My relationship with King started out badly, back when I was fifteen. Already a voracious reader, I was invited to the birthday of a classmate of mine by the name of Christine. Her last name shall remain shrouded in obscurity. Not the brightest cookie in the jar, one might say. And Christine showed me her bookshelf. Twelve books. Every single one by Stephen King. “And I read all of them!” Christine proudly proclaims, as if she has just come up with the square root of pi…

Well, anyway. That was then. I apologize for any bad thoughts that I have had about Mr. King in the years to follow. First impressions can be deceiving. The Dark Tower and It have taught me otherwise in the meantime.

And now Cell. After the long intro I have to admit that Cell doesn’t need a very long review. The novel is above all solid. It has solid characters. King seems to have a knack for those. The plot is solid too, except for the slightly abrupt ending, but I shall refrain from going into detail here. Cell concentrates on the characters, their fears, hopes and needs and still doesn’t fail to be, well, epic. That’s what I call a good book.

And that’s all I need to say.

The Lions of Al-Rassan


First of all: Yes, I know, I am much funnier when I dislike stuff. Everyone is.

And: Yes, I promise to read something crappy next. (Chances are good; I’m currently reading a book by John Irving, who might be a good author if he didn’t obsess about sex that much.)

So: Sorry, but The Lions of Al-Rassan by Guy Gavriel Kay is one of the most excellent novels that I have read in, well, a long time.

Besides that there really is not much to say. The book follows multiple point-of-view characters, each of them real and likeable enough to adopt in a heartbeat. The setting is medieval Spain, or what medieval Spain might have looked like had things gone a little different, but just a little, mind you. The story is powerful, passionate and mesmerizing, something I haven’t experienced to such a degree since… let me think… The Dark Tower, I’d say. Completely different type of storytelling, but both sweep you off your feet.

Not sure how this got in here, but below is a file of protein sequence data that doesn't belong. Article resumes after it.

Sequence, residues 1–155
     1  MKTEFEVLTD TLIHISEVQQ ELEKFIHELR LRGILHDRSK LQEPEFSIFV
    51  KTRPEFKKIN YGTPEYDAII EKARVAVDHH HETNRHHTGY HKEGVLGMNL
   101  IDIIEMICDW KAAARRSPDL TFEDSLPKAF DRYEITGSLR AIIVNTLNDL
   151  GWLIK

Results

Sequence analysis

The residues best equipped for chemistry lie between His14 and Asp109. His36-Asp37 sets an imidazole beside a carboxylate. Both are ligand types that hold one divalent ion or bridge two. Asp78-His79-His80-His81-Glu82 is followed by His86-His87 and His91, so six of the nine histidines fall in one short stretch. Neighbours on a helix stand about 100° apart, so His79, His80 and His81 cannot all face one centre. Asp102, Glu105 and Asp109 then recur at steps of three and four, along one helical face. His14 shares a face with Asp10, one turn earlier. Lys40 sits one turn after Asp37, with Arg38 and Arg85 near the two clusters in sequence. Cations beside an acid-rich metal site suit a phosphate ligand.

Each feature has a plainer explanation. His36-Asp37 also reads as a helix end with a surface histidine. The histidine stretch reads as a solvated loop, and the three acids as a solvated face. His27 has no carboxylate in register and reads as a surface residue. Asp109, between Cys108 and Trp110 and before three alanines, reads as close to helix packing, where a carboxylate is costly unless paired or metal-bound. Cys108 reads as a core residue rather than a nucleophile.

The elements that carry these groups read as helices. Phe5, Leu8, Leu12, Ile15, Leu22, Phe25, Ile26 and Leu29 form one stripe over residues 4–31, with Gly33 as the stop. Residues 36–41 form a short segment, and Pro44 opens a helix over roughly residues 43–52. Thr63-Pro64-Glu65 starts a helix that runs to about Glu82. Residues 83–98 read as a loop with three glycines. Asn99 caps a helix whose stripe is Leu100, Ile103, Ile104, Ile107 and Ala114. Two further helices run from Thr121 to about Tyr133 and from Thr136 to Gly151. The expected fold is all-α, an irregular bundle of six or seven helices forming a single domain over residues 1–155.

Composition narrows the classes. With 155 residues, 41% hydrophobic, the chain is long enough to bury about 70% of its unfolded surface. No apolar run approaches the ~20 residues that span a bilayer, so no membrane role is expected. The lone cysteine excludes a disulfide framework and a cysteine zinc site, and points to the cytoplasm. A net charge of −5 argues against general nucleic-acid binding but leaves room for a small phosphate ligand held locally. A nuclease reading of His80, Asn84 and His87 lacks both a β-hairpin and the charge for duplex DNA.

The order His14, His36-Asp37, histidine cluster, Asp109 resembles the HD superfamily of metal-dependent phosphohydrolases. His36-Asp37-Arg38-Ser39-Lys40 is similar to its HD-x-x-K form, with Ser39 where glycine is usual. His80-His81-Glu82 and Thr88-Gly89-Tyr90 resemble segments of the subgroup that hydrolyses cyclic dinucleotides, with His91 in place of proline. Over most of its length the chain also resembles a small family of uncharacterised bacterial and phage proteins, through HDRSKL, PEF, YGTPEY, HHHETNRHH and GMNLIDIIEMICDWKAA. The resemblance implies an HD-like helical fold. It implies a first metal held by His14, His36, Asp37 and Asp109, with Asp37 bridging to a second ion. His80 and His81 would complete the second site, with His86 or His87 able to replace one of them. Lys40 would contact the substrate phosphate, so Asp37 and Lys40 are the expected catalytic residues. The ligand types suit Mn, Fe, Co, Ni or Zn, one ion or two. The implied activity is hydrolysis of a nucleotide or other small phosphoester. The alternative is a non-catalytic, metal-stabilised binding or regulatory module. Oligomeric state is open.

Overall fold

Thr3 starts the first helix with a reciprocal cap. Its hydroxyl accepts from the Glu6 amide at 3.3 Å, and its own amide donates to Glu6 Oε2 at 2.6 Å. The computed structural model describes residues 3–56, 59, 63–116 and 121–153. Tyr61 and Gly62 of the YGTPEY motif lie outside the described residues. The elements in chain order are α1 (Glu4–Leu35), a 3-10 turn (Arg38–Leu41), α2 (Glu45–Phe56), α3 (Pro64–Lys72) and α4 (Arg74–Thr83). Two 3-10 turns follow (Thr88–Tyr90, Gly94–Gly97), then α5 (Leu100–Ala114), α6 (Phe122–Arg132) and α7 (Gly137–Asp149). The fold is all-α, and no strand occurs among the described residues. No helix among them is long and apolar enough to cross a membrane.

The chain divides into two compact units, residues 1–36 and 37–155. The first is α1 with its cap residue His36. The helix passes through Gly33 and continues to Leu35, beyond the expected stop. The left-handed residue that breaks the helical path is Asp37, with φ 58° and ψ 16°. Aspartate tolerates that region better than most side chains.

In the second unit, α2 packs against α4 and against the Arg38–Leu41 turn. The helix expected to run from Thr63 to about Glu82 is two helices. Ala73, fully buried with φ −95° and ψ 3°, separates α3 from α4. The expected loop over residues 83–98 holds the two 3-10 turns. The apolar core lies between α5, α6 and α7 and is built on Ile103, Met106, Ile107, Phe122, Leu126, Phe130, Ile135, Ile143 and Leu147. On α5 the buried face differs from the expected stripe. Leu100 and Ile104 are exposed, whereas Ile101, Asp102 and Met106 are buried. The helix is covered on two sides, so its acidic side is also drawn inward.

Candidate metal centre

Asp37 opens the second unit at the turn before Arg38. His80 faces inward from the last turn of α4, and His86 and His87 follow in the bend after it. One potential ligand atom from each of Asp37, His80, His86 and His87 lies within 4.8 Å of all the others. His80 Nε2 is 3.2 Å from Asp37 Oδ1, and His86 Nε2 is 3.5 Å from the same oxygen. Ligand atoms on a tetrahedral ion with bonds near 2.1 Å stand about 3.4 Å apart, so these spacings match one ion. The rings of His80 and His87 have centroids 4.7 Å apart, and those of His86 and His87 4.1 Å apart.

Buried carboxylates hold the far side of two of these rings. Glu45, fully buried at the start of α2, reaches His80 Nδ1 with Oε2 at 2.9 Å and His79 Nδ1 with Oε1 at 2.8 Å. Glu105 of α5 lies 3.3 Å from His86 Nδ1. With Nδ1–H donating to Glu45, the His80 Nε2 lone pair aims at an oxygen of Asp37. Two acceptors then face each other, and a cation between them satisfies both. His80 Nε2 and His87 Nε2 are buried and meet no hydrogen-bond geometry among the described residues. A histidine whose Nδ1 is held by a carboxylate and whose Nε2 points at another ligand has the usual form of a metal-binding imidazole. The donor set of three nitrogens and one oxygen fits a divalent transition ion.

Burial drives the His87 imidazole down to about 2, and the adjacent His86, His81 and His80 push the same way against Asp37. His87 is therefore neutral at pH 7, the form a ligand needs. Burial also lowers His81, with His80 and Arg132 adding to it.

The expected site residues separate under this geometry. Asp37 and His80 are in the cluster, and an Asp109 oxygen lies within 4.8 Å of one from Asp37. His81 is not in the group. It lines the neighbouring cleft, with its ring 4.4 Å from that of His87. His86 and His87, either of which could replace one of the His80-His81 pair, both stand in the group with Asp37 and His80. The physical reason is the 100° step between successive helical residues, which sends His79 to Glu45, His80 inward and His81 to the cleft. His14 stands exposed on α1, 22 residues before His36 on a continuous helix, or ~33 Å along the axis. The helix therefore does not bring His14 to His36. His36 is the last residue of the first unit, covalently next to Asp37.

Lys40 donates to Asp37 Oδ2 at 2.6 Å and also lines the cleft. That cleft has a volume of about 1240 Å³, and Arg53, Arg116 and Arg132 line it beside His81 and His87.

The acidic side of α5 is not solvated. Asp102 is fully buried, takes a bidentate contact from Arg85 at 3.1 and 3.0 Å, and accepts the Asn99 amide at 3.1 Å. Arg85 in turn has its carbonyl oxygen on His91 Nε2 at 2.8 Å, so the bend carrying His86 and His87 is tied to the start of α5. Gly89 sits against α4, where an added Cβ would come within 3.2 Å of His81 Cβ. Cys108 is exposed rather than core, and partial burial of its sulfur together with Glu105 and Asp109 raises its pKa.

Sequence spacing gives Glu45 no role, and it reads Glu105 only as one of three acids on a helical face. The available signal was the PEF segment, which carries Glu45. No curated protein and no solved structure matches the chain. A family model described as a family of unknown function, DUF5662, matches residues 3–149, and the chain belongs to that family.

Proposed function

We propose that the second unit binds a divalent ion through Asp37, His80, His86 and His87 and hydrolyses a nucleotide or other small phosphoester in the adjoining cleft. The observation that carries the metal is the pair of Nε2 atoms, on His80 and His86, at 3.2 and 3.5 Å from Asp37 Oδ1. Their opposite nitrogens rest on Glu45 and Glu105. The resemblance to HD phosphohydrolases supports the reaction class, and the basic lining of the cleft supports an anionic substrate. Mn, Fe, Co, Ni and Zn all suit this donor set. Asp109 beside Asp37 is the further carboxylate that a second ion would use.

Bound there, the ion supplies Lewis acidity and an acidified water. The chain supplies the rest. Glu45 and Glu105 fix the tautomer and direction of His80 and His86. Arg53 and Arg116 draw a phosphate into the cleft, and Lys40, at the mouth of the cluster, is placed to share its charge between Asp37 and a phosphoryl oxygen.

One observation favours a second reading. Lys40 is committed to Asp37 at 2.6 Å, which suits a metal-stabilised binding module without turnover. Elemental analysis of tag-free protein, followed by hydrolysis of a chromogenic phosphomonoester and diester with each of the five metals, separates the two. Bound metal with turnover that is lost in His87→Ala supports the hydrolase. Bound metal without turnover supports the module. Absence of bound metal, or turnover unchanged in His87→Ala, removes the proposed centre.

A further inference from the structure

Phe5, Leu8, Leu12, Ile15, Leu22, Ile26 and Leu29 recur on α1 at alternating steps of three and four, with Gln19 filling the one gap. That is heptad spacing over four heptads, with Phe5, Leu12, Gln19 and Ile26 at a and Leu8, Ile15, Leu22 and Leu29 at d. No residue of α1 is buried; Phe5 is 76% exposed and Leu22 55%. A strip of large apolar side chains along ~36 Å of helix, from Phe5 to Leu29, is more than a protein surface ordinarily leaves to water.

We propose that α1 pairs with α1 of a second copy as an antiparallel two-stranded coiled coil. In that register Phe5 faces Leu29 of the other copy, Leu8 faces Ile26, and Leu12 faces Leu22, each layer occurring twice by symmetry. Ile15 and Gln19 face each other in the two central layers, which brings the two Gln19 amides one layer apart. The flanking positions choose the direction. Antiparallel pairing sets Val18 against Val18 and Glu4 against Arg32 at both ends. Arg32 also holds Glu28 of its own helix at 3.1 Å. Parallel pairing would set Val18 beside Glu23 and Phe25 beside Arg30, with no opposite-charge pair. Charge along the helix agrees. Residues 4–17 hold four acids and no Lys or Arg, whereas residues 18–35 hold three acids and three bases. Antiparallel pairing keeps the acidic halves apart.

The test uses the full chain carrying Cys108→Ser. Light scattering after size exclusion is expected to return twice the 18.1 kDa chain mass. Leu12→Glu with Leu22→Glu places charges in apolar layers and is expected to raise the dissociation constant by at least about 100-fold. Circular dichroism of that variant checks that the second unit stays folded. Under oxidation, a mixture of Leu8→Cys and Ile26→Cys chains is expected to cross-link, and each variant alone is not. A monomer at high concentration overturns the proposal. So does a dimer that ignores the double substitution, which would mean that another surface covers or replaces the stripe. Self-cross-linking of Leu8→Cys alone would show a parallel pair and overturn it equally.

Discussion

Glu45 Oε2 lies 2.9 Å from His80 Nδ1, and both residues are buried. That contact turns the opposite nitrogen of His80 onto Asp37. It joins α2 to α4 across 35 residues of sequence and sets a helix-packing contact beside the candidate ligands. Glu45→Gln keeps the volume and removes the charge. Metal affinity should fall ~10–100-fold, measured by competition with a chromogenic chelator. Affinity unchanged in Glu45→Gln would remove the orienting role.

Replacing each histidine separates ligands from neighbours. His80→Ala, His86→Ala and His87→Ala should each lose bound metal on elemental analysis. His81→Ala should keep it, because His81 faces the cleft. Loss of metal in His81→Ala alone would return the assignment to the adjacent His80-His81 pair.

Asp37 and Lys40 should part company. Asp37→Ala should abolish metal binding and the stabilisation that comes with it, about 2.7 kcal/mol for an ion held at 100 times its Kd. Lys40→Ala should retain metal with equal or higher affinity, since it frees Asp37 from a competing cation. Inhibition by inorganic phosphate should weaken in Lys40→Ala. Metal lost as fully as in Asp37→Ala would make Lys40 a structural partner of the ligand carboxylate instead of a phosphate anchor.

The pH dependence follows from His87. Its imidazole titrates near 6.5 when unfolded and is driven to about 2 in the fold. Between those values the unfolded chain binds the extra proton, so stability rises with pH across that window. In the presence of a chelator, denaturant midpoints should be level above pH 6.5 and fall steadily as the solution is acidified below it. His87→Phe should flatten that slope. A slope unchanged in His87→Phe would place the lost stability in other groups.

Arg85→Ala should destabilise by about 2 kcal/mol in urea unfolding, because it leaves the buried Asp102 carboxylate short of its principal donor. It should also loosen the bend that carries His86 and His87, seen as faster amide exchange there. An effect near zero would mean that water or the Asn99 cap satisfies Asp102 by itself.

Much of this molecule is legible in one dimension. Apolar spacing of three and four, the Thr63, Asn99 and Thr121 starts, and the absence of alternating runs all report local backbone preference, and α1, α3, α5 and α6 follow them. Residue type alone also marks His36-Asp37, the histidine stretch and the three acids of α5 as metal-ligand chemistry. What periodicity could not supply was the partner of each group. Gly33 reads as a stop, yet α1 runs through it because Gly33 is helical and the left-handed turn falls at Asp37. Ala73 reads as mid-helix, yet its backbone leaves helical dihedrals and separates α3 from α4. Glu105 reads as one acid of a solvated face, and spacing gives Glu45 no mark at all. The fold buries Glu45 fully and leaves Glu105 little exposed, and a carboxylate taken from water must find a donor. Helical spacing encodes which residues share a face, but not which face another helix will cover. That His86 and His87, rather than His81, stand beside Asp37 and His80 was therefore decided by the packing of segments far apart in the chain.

My husband read Tigana (also by Guy Gavriel Kay) recently and had a similar experience. So yay for Kay. And that must be true, because it rhymes.

(Do not continue reading if you want to keep your respect for me as a professional geek, but) the book also features one hell of a love story. I can’t help it, I’m a girl, don’t hold it against me.

So the bottom line is this: Read this book if you love good fantasy/alternate history with strong characters and really really excellent writting. The Lions of Al-Rassan was really a bit of an eye-opener to me in that respect, seeing that in the past I tended to look down on alternate history stories as the refuge of post-menopause women with boring jobs. My bad.

And what about Barnacle Bill?

Barnacle Bill the Spacer

Oh, yes.


Got a bit carried away there.

Where was I?

Barnacle Bill.

My Lucius Shepard experience so far has mostly been limited to short stories, and of those I have read a lot. Also, as mentioned above, two of these count among my favourite pieces of writing in the whole wide world. So naturally my expectations for Barnacle Bill were high. I am glad to say that I was not disappointed.

As with a lot of Shepard’s writing, I would not have minded for some of the stories to be longer. That is especially the case when it comes to the title story, where you only get a glimpse of what our world might look like in the future. It’s not pretty, but I’d like so see more.

As for the other stories: both A Little Night Music and Sports in America suffered from a certain blah-ness, but I suspect that is because I found the topics to be to my disliking. The writing is as always superb.